Chloramphenicol is a broad-spectrum antibiotic shown to have specific activity against a wide variety of organisms that are causative agents of several disease conditions in domestic animals. Chloramphenicol has been banned for use in food-producing animals for its serious adverse toxic effects in humans. Due to the harmful effects of chloramphenicol residues livestock products should be free of any traces of these residues. Several analytical methods are available for chloramphenicol analysis but sensitive methods are required in order to ensure that no traces of chloramphenicol residues are present in edible animal products. In order to prevent the illegal use of chloramphenicol, regulatory control of its residues in food of animal origin is essential. A competitive enzyme-linked immunosorbent assay for chloramphenicol has been locally developed and optimized for the detection of chloramphenicol in sheep serum. In the assay, chloramphenicol in the test samples and that in chloramphenicol-horseradish peroxidase conjugate compete for antibodies raised against the drug in camels and immobilized on a microtitre plate. Tetramethylbenzidine-hydrogen peroxide (TMB/H2O2) is used as chromogen-substrate system. The assay has a detection limit of 0.1 ng/mL of serum with a high specificity for chloramphenicol. Cross-reactivity with florfenicol, thiamphenicol, penicillin, tetracyclines and sulfamethazine was not observed. The assay was able to detect chloramphenicol concentrations in normal sheep serum for at least 1 week after intramuscular injection with the drug at a dose of 25 mg/kg body weight (b.w.). The assay can be used as a screening tool for chloramphenicol use in animals.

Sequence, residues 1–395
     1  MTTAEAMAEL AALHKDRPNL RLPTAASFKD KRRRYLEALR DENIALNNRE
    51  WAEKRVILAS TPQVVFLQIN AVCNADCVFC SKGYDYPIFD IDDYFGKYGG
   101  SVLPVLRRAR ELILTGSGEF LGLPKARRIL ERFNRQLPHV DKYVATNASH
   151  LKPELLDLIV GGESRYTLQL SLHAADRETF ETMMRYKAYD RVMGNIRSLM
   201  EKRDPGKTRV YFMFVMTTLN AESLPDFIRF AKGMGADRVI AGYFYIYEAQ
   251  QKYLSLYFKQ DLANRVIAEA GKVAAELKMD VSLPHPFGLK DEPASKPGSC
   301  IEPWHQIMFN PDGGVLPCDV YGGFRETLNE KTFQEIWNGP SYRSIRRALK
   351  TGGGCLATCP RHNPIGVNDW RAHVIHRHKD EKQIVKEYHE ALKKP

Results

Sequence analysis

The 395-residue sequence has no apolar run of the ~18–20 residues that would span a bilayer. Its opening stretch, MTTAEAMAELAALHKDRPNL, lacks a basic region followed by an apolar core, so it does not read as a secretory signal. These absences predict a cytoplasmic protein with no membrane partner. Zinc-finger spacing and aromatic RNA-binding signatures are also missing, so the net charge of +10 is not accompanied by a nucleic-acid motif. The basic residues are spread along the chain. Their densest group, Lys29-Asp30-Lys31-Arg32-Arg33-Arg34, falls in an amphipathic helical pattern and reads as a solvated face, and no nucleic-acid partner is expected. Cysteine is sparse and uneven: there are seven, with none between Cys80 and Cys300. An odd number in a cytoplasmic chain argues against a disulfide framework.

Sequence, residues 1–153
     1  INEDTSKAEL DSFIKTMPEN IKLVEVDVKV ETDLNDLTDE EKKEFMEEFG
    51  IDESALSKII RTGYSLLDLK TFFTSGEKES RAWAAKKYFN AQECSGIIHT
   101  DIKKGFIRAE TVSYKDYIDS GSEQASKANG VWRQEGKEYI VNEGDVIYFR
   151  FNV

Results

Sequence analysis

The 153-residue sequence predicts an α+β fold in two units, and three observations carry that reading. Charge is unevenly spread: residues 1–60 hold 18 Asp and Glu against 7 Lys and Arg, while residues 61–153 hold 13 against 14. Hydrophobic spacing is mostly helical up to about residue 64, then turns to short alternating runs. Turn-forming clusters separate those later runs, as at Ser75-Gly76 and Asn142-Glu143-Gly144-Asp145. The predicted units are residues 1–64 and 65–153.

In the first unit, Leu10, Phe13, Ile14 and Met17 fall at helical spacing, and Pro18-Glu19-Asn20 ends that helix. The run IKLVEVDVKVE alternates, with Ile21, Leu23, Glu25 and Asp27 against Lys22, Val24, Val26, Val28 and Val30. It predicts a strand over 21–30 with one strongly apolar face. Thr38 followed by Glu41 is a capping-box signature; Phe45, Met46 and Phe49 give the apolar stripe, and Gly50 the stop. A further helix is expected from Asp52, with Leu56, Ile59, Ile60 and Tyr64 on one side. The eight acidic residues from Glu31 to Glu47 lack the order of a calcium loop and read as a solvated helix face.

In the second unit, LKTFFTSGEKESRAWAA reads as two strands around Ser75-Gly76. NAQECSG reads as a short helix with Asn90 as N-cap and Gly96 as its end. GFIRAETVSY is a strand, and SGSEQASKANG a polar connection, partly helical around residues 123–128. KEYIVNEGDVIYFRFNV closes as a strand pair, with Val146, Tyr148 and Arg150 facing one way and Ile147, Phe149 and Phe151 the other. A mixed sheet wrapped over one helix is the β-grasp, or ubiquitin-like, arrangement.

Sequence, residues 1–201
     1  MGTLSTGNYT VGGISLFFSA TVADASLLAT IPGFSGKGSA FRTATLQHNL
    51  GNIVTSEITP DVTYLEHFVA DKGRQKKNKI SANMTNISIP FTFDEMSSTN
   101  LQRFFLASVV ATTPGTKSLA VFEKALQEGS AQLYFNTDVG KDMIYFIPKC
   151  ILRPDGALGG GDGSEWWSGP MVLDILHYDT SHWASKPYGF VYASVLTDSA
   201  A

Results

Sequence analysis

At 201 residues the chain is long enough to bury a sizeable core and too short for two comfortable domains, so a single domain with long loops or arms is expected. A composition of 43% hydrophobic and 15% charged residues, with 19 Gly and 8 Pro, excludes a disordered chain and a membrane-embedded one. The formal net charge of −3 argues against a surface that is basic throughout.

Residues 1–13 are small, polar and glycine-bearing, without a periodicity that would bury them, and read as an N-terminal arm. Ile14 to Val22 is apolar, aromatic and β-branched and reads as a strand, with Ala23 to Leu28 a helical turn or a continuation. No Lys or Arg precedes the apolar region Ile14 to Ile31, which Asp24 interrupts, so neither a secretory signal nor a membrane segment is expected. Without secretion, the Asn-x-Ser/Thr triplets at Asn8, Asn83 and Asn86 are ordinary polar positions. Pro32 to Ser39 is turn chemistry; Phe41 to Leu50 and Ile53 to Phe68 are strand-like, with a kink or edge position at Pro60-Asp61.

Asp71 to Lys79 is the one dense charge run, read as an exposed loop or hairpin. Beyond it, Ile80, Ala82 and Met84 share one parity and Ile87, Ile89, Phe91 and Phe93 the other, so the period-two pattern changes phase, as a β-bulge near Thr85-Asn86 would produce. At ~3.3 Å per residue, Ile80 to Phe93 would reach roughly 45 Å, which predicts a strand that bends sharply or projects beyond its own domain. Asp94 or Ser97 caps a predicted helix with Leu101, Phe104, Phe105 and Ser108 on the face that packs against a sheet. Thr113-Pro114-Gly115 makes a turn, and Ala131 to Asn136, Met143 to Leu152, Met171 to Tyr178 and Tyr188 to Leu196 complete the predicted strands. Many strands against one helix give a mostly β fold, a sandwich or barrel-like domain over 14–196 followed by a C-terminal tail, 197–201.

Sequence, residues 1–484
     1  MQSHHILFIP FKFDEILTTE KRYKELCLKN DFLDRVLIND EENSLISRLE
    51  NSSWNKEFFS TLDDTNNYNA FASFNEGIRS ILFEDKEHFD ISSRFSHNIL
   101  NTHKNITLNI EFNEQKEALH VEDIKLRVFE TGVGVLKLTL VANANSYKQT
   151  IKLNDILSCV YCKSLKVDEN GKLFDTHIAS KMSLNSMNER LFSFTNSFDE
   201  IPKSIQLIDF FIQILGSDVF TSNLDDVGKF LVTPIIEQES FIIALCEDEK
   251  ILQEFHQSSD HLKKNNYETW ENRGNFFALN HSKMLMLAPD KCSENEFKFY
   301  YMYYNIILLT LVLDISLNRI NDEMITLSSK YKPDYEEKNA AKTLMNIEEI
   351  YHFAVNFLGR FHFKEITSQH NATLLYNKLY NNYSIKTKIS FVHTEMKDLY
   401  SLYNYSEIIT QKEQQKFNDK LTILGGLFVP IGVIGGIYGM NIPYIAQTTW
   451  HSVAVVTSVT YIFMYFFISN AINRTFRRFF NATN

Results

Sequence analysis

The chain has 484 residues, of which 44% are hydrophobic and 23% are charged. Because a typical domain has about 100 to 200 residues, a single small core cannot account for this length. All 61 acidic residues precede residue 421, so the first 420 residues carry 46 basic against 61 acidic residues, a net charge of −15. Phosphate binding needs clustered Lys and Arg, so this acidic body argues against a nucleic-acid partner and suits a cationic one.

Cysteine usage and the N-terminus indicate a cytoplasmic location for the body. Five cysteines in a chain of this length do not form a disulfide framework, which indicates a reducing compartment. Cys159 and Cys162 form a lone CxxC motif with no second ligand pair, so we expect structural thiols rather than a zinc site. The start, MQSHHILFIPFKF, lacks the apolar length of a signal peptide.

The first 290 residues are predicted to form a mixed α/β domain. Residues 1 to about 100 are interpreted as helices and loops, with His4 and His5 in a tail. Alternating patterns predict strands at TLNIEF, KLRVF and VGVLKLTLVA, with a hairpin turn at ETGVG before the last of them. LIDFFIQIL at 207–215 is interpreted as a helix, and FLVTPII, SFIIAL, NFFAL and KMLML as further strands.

|Number of pages||6|
|Journal||JOURNAL OF VETERINARY PHARMACOLOGY AND THERAPEUTICS|
|Publication status||Published - Feb 2007|
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